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Sandra Hale Schulman
Special to Indian Country Today

After a two-year delay caused by the pandemic, the Native musical production, “Distant Thunder,” will finally get its world premiere.

The Lyric Theatre of Oklahoma will open its 2022 season on March 23 with the musical, which originally had been slated as part of Lyric’s 2020 season.

It will be staged outdoors at the new First Americans Museum in Oklahoma City with a limited, one-week run, from March 23-27.

The story is written by director/choreographer Lynne Taylor-Corbett and her actor/writer son, Shaun Taylor-Corbett, who is Amskapi Pikunni (Blackfeet), Black and Scandinavian and who plays Darrell in the show. The production features music and lyrics by Chris Wiseman and Shaun Taylor-Corbett, with additional music and lyrics from Robert Lindsey-Nassif and Michael Moricz.

"I am so looking forward to the prospect of helping de-marginalize the culture and contemporary issues of Native people,” Lynne Taylor-Corbett said. “We are honored to have this opportunity on the doorstep of 39 tribes."


“Distant Thunder” was first developed by Native Voices at The Autry in Los Angeles in 2012, then received a lab development in 2013, a reading in 2015, and a fully-staged reading in 2018 with Amas Musical Theatre. Oregon Shakespeare Festival presented a concert reading in 2017 prior to the creative team partnering with Lyric Theatre for a full-scale production.

Much of the plot of “Distant Thunder” stems from a trip mother and son took to the Blackfeet Nation in Browning, Montana, when Shaun was 15. 

Clash of cultures

The story centers on a brash, young attorney who journeys back to his reservation home in Montana to broker a deal that will benefit his Blackfeet Nation tribe. He must face his painful past and his reclusive father, and come to terms with what it is to be Indigenous in the United States.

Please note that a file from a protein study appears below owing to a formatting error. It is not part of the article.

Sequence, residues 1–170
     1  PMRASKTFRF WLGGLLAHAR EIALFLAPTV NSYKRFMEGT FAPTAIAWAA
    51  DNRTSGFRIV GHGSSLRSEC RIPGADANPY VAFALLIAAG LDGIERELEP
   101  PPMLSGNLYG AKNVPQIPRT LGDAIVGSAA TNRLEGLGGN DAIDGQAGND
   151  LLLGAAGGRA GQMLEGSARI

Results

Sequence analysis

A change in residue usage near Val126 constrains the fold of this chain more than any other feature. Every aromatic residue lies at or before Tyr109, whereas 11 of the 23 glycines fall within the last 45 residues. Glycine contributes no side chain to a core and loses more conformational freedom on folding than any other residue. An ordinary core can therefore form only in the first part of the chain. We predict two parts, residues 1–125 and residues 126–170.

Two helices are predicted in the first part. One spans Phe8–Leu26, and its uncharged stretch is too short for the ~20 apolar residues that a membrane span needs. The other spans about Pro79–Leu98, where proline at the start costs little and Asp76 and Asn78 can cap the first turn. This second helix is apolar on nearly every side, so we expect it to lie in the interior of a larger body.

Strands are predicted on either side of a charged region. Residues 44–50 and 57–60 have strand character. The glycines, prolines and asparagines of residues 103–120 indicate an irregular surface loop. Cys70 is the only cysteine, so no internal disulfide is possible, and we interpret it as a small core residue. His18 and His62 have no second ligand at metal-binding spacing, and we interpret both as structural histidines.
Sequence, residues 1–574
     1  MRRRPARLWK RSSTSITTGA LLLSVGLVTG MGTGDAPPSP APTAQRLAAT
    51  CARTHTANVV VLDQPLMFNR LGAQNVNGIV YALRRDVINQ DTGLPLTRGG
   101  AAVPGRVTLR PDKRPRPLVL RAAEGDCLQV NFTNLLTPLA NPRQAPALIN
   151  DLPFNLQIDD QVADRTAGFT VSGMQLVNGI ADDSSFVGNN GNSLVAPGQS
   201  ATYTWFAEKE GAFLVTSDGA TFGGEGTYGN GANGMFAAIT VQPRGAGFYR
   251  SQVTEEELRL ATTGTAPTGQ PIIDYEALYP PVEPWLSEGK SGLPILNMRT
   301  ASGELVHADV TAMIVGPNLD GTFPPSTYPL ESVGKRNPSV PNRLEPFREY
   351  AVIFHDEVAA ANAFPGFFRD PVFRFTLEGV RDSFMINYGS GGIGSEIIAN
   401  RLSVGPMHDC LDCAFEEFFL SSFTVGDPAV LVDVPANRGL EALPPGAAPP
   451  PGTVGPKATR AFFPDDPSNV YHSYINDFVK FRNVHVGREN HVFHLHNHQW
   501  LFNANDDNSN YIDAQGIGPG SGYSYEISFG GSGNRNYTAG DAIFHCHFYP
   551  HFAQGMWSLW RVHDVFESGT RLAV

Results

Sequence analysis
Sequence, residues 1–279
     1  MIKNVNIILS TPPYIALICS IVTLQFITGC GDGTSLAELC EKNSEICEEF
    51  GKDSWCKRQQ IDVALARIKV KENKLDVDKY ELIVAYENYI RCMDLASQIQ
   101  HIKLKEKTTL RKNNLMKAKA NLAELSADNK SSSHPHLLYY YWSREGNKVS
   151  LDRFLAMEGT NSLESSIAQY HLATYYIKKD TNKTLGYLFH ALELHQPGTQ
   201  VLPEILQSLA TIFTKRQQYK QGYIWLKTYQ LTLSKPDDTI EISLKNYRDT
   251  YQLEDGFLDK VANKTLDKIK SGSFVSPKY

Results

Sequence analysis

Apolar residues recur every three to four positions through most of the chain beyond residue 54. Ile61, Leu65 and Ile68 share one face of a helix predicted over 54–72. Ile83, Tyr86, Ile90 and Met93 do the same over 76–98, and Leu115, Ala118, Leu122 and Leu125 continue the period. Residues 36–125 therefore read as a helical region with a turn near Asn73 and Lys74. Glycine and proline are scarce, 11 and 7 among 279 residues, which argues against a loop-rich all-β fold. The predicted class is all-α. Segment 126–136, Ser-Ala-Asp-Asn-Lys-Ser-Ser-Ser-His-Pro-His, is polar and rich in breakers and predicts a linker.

In the Native musical "Distant Thunder," an attorney played by actor/writer Shaun Taylor-Corbett, right, faces off with Ryan Duncan as Hector/Sam Silver. The musical is set to premiere March 23, 2022, at the Lyric Theatre of Oklahoma after a two-year delay caused by the pandemic. (Photos by K. Talley Photography, courtesy of Shaun Taylor-Corbett)

Reconnecting with a childhood sweetheart, he eventually rediscovers his identity and begins to realize that his business deal could destroy her language school, further erode Blackfeet culture and taint their land. The cultures clash and then unite through music, dance and stories.

Asked how it feels to finally have a show date after the delays, Shaun Taylor-Corbett told Indian Country Today by email that the pandemic opened new doors for the production.

“Creator had a plan for us, and we are back, this time with Lyric Theatre of Oklahoma at the First Americans Museum in OKC,” he said. “The museum wasn't even built in 2020 so this venue was only possible because we were delayed.”

The pandemic hit just as the production was gearing up in Oklahoma, he said.